In the midst of nationwide abortion restrictions, one topic receiving a lot of attention is the idea of “mail-order” or telemedicine abortion. Previous Femtastic episodes have covered what medication abortion is and how you can access it in all 50 states through various channels. Today, we are talking to Hey Jane, one company providing telemedicine abortion in a few U.S. states (and hopefully more soon)!Hey Jane’s CEO Kiki Freedman joins the podcast to discuss why she started Hey Jane and how it works. Of course, no conversation about abortion access is complete without talking about restrictions, so Kiki discusses the federal and state-level restrictions that impact where and how Hey Jane can operate (hint: they’re definitely not based in science or safety). Additionally we chat about how access to telemedicine abortion may be impacted moving forward, particularly by FDA regulations, and how Hey Jane plans to protect and expand access despite what may come. Links: - https://www.heyjane.co/ - Previous Femtastic Podcast episode on what medication abortion is and the restrictions surrounding it: Lifting Restrictions on Medication Abortion - Previous Femtastic Podcast episode on how people in any US state can access abortion pills online: What's Up with the Texas Abortion Ban and How Can People All Over the US Access Abortion Pills Online
45 minutes | Nov 15, 2021
Why the Gender Gap in Medical Research Hurts Us All
medical research gap: a disparity that exists because the vast majority of biological literature is based on single sex studies of males of European ancestry. Did you know that it wasn't until 1993 that it was required for women to be included in clinical trials? Or that as of 2018, 78% of people included in key genomic research were of European ancestry? The implications of gender and racial exclusion in medical and scientific research has had huge (negative) implications for the health of us all. It leads to biased data sets that then result in unequal diagnosis and treatment for people of varying backgrounds. Today on the podcast is Elizabeth Ruzzo, Ph.D., founder of Adyn, a company on a mission to make scientific discovery more inclusive. Adyn recognizes that medical gender and race gaps have profound and devastating impacts on available diagnostics, treatment, and care. To close this gap, Adyn is starting out by using genetic and hormonal info, combined with big data, for a birth control test. This test could tell you the best hormonal birth control method to use for YOUR particular genetic and hormonal makeup. It's precision medicine that not only will help the individual accessing it, but will contribute to the (long-overdue!) advancement of healthcare research for biologically female people. Elizabeth discusses what the medical research gender gap is, why it's a problem, and how we can help close it. She also tells us more about why her company is first tackling the problem of "trial and error" birth control selection that has plagued the reproductive years of so many of us, how they're using actual research and data to do this, and where this technology may go next. Lastly, Elizabeth explains why Adyn won’t call itself a “women’s health company.” LINKS AND RESOURCES: Join Adyn's waitlist for early access to their Birth Control Test Want to make a more immediate impact on health equity? Share any of Adyn’s Instagram posts on your Instagram Stories, tag @adynhealth, and they’ll donate $1 to The Loveland Foundation’s Therapy Fund. NERDY STUFF: Drugs and Medical Devices: Adverse Events and the Impact on Women’s Health "Between 1997 and 2000, eight of the ten drugs withdrawn from the market posed a greater health risk for women either due to unanticipated gender-prescribing trends or sex-specific adverse drug reactions." More info about how women weren’t included in trials until 1993: Women Were Left Out of Clinical Trials Until the ‘90s—This Is How It’s Impacted Our Health (Well + Good) We Don’t Have Enough Women in Clinical Trials — Why That’s a Problem (Healthline) National Institutes of Health (NIH): History of Women’s Participation in Clinical Research For those who love an academic article: from the journal of Pharmacy Practice - Women’s involvement in clinical trials: historical perspective and future implications Articles about racist clinical algorithms: Millions of black people affected by racial bias in health-care algorithms (Nature) Racial bias skews algorithms widely used to guide care from heart surgery to birth, study finds (Stat News) Take Racism Out of Medical Algorithms (Scientific American) Why clinical algorithms fall short on race (American Medical Association) Hidden in Plain Sight — Reconsidering the Use of Race Correction in Clinical Algorithms (New England Journal of Medicine)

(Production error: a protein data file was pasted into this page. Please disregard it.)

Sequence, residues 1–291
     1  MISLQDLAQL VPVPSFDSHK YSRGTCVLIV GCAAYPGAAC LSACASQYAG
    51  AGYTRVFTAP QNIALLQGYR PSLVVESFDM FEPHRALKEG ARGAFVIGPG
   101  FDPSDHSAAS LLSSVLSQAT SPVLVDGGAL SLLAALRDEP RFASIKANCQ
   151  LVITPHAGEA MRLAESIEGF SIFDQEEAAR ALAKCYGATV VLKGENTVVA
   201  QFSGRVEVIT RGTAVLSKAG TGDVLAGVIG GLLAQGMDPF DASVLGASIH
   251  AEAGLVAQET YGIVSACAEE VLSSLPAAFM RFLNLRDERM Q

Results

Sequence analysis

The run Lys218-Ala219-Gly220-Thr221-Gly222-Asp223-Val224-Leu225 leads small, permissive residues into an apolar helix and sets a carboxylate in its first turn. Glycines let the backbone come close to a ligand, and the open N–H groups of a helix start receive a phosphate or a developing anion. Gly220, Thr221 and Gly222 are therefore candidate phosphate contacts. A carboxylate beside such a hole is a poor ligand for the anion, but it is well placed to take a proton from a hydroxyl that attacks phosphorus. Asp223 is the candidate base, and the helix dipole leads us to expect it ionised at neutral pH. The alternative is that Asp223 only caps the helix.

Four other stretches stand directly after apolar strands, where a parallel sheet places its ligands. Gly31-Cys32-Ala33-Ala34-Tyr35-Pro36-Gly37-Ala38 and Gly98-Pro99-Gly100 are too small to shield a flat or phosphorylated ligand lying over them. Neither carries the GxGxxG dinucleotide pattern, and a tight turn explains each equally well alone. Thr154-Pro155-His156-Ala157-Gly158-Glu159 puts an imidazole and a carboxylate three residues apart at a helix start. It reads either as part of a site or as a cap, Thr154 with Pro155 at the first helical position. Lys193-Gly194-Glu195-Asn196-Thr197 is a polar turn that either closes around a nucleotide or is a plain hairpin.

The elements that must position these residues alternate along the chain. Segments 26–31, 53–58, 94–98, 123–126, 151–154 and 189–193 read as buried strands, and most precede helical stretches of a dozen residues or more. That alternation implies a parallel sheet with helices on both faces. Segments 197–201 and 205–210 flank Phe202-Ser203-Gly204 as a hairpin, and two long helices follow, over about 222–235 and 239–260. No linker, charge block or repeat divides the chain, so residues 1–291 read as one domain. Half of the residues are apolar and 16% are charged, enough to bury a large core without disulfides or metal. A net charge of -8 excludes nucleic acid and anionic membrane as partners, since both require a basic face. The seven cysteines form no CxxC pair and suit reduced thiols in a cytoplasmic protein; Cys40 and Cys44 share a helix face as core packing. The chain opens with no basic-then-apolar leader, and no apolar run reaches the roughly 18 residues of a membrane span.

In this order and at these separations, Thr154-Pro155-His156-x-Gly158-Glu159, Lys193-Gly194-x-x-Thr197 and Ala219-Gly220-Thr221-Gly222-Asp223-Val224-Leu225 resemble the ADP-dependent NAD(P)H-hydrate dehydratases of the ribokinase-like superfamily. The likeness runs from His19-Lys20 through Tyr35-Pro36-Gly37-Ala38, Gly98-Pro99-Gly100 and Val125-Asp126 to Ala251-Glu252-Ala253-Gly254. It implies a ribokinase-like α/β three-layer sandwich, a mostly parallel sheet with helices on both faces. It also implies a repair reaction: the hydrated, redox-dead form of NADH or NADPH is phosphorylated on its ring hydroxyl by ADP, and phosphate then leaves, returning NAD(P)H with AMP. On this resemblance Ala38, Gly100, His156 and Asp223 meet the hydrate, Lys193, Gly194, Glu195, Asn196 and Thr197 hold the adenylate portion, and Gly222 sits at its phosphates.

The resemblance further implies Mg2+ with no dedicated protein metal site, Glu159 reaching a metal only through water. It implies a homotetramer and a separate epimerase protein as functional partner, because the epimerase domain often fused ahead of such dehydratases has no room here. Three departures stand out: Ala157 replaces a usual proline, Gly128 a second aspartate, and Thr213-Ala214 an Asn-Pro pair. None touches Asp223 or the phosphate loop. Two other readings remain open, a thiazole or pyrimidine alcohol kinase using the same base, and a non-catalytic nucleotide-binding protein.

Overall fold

49 minutes | Nov 2, 2021
Discovering Your Grandma Spied on Nazis
Enid Zentellis thought she knew everything about her Holocaust-surviving, Olympic swimming-qualifying, nudist Hungarian grandmother. But when she discovered that she might have also been a spy for the Allies, it not only caused her to reconsider WWII history, it helped lift her out of her personal grief and helped to understand the power of individual resistance. Today on the podcast is award-winning filmmaker and newly-minted podcaster, Enid Zentellis. In her podcast, “How My Grandmother Won WWII” she discovers the truth about her Hungarian Jewish grandmother’s covert work for British Special Operations during WWII, and in the process changes her entire conception of who were family was then and is today. On Femtastic Podcast, Enid discusses the extensive research and travel that went into discovering her grandmother's history, and how the process changed her. She talks about what it was like to do this research during a time when fascists and white supremacists were becoming a regular presence in Trump’s America, when the parallels between modern-day America and WWII Hungary were becoming more and more glaring. Enid describes how others can begin to research their family history, whether or not that research results in shocking findings or mere glimpses into the contexts in which our forebears lived.